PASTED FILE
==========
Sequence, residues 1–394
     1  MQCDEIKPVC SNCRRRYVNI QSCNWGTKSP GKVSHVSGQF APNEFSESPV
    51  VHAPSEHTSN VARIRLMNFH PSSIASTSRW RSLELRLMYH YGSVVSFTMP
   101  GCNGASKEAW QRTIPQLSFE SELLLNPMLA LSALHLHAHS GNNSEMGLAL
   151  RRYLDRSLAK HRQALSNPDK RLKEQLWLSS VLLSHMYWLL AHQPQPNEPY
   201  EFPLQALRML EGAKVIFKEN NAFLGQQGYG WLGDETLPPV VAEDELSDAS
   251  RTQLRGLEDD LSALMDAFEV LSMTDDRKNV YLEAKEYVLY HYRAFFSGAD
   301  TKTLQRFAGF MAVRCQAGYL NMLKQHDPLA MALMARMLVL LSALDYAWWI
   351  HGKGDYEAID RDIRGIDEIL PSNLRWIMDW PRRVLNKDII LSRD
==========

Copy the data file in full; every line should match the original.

Sequence, residues 1–394
     1  MQCDEIKPVC SNCRRRYVNI QSCNWGTKSP GKVSHVSGQF APNEFSESPV
    51  VHAPSEHTSN VARIRLMNFH PSSIASTSRW RSLELRLMYH YGSVVSFTMP
   101  GCNGASKEAW QRTIPQLSFE SELLLNPMLA LSALHLHAHS GNNSEMGLAL
   151  RRYLDRSLAK HRQALSNPDK RLKEQLWLSS VLLSHMYWLL AHQPQPNEPY
   201  EFPLQALRML EGAKVIFKEN NAFLGQQGYG WLGDETLPPV VAEDELSDAS
   251  RTQLRGLEDD LSALMDAFEV LSMTDDRKNV YLEAKEYVLY HYRAFFSGAD
   301  TKTLQRFAGF MAVRCQAGYL NMLKQHDPLA MALMARMLVL LSALDYAWWI
   351  HGKGDYEAID RDIRGIDEIL PSNLRWIMDW PRRVLNKDII LSRD